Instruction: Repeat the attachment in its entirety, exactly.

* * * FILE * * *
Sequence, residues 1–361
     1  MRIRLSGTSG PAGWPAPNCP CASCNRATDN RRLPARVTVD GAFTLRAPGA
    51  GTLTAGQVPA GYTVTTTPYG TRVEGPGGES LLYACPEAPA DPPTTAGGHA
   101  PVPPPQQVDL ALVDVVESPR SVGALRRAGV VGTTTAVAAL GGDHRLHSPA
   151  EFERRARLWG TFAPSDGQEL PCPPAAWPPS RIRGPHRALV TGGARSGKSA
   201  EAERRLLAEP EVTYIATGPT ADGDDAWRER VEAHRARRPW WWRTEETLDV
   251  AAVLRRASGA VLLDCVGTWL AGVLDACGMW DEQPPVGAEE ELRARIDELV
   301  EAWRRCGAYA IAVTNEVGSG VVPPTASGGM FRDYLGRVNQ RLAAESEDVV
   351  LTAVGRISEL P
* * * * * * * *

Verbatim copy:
Sequence, residues 1–361
     1  MRIRLSGTSG PAGWPAPNCP CASCNRATDN RRLPARVTVD GAFTLRAPGA
    51  GTLTAGQVPA GYTVTTTPYG TRVEGPGGES LLYACPEAPA DPPTTAGGHA
   101  PVPPPQQVDL ALVDVVESPR SVGALRRAGV VGTTTAVAAL GGDHRLHSPA
   151  EFERRARLWG TFAPSDGQEL PCPPAAWPPS RIRGPHRALV TGGARSGKSA
   201  EAERRLLAEP EVTYIATGPT ADGDDAWRER VEAHRARRPW WWRTEETLDV
   251  AAVLRRASGA VLLDCVGTWL AGVLDACGMW DEQPPVGAEE ELRARIDELV
   301  EAWRRCGAYA IAVTNEVGSG VVPPTASGGM FRDYLGRVNQ RLAAESEDVV
   351  LTAVGRISEL P